If you are preparing to file an income tax return in New Hampshire, you'll want to know what forms you need, where and how to file them and how much you can expect to be taxed. New Hampshire is virtually free of personal income tax, only taxing interest and dividend income.
Who Must File New Hampshire Income Taxes?
Residents of New Hampshire are not required to file a New Hampshire income tax return on their W-2 wages. The only income taxed by New Hampshire is interest and dividend income.
A single individual who was a resident or inhabitant of New Hampshire for any portion of the tax year must file an interest and dividends tax return if their gross income resulting from a combination of interest and dividends exceeded $2,400. For joint filers, the filing threshold is $4,800.
Taxpayers whose tax liability will exceed $500 are required by the state of New Hampshire to submit quarterly estimated tax payments for the next tax year.
New Hampshire defines a full-year resident as someone intending to establish residency that is not transitory in nature. Criteria that define residency are available in N.H. Code Admin. R. Rev 902.01.
Part-year residents will be liable for the portion of income earned while residing in New Hampshire. Their total taxable income will be prorated for the number of days of New Hampshire residency. The same income thresholds then determine a part-year resident's requirement to file.
Exemptions may also apply, depending on age or disability.
What Are the Forms to Use?
Full-year and part-year residents of New Hampshire who must file an interest and dividends tax return use New Hampshire Form DP-10. The New Hampshire Department of Revenue Administration (NHDRA) publishes DP-10 instructions and a checklist on their website.
If your annual tax due will exceed $500, you must submit quarterly tax payments using Form DP-10-ES.
Additional forms related to the interest and dividends tax are available in fillable PDF or printable versions on the NHDRA website.
What Is the Tax Rate in New Hampshire?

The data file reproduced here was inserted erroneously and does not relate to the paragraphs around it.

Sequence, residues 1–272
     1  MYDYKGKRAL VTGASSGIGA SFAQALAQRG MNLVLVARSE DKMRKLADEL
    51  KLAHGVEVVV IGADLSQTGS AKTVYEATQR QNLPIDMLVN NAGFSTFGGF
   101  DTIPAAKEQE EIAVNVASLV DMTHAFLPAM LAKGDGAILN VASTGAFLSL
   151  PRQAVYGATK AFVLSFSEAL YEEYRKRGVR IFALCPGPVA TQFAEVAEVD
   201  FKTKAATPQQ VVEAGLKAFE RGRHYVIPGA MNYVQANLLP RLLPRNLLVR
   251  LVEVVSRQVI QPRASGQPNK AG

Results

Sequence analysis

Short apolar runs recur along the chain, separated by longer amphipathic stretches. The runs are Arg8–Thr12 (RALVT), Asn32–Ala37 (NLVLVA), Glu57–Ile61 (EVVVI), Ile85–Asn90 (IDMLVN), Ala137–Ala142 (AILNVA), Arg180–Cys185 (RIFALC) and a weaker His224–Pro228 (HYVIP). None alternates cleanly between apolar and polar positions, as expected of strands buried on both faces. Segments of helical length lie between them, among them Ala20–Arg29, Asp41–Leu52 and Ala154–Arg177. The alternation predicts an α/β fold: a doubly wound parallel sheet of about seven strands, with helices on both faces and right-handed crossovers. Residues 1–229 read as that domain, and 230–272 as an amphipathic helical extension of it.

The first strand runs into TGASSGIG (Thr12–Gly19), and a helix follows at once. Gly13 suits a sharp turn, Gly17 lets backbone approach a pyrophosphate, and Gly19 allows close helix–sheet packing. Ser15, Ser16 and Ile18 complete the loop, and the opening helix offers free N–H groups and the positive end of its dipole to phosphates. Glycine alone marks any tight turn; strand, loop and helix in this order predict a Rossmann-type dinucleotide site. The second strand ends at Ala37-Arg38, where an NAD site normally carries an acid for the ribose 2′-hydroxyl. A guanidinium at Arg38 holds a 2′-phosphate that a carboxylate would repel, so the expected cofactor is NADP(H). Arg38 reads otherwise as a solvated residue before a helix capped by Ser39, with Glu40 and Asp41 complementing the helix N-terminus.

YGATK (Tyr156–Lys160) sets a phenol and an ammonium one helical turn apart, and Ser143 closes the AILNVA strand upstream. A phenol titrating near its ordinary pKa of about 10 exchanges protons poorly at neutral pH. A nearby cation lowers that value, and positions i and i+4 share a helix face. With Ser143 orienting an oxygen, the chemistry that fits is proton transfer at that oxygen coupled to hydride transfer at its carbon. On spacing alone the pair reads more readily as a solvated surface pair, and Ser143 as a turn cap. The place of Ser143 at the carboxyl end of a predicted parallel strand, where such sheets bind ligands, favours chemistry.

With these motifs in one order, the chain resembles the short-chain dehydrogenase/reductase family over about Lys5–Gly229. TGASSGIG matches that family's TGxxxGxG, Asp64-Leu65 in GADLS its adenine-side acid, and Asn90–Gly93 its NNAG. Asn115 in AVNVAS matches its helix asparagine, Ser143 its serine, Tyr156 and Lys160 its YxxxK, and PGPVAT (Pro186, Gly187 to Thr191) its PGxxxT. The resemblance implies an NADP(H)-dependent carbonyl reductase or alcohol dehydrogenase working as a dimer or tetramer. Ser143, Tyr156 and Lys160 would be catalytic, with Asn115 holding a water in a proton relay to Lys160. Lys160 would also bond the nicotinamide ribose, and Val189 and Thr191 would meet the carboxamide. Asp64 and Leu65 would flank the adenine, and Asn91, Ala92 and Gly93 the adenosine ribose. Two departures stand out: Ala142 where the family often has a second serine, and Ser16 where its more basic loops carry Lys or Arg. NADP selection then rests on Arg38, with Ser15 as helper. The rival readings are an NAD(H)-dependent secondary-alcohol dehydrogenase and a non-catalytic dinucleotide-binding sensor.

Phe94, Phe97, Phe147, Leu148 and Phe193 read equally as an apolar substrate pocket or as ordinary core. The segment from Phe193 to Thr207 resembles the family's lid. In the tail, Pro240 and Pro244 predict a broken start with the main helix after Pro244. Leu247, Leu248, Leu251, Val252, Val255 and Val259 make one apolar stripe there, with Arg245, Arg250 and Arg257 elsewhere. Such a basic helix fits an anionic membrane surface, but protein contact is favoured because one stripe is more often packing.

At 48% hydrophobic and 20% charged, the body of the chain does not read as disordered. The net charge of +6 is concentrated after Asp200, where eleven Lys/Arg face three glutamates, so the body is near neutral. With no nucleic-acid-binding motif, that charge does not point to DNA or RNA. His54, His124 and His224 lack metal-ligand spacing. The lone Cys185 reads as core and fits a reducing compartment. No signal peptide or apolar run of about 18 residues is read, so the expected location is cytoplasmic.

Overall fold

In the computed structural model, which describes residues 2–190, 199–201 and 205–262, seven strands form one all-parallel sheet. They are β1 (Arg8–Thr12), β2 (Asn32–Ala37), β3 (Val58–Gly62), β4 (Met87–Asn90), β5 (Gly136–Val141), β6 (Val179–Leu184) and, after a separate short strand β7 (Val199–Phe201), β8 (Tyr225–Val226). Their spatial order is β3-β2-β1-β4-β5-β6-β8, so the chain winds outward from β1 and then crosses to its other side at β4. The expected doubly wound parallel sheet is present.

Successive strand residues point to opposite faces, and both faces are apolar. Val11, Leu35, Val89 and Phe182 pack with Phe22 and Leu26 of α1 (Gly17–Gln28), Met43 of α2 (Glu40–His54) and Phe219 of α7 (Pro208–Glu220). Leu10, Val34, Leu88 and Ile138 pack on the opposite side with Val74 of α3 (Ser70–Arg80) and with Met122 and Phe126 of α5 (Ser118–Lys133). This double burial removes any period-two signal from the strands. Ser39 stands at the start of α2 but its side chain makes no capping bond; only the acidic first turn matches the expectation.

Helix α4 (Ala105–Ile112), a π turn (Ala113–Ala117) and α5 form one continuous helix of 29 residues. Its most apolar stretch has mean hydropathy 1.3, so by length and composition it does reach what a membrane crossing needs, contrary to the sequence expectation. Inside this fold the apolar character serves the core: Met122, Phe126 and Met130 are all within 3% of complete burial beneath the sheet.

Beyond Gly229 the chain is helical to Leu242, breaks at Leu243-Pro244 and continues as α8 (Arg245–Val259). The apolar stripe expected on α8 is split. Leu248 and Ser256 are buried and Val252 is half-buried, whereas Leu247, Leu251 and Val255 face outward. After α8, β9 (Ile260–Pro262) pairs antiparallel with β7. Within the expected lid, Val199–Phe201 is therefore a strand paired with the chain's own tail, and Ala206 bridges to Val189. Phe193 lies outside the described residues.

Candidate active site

The New Hampshire tax on income and dividends is 5 percent for 2021. Recently passed legislation will phase out this by 2026. Beginning in tax year 2023, the I&D tax will decrease by one percent each year until it is fully repealed, starting December 31, 2026.
The quick checklist on the revenue department website details which sources of income are taxable and non-taxable in New Hampshire.
What Are the Filing Deadline and Extension Process?
The interest and dividends tax return is due on the 15th day of the fourth month following the end of the taxable period. If that due date falls on a state holiday, the deadline is extended to the following business day. Calendar year filers must submit their return by April 18, 2022.
The New Hampshire Department of Revenue Administration offers a seven-month extension of time to file the interest and dividends tax return. Taxpayers file for the extension with Form DP-59-A and mail it to NH DRA, PO Box 1265, Concord, NH 03302-1265.
The full I&D tax payment must be paid by the original due date; there is no extension to pay. If the full payment is not received by the due date, penalties and interest will apply.
What Are the Penalties for Late Filing and Underpayment of Taxes?
The late tax filing penalty in New Hampshire is 5 percent per month up to a maximum of 25 percent of the total unpaid tax.
If a taxpayer's estimated tax payments amount to an underpayment of greater than 10 percent or a total of $5,000 for a taxable period, a penalty of an amount equal to 25 percent of the amount of underpayment will be assessed.
If you fail to file an interest and dividends tax return, you will be subject to a penalty of 5 percent monthly up to 25 percent of the total unpaid balance.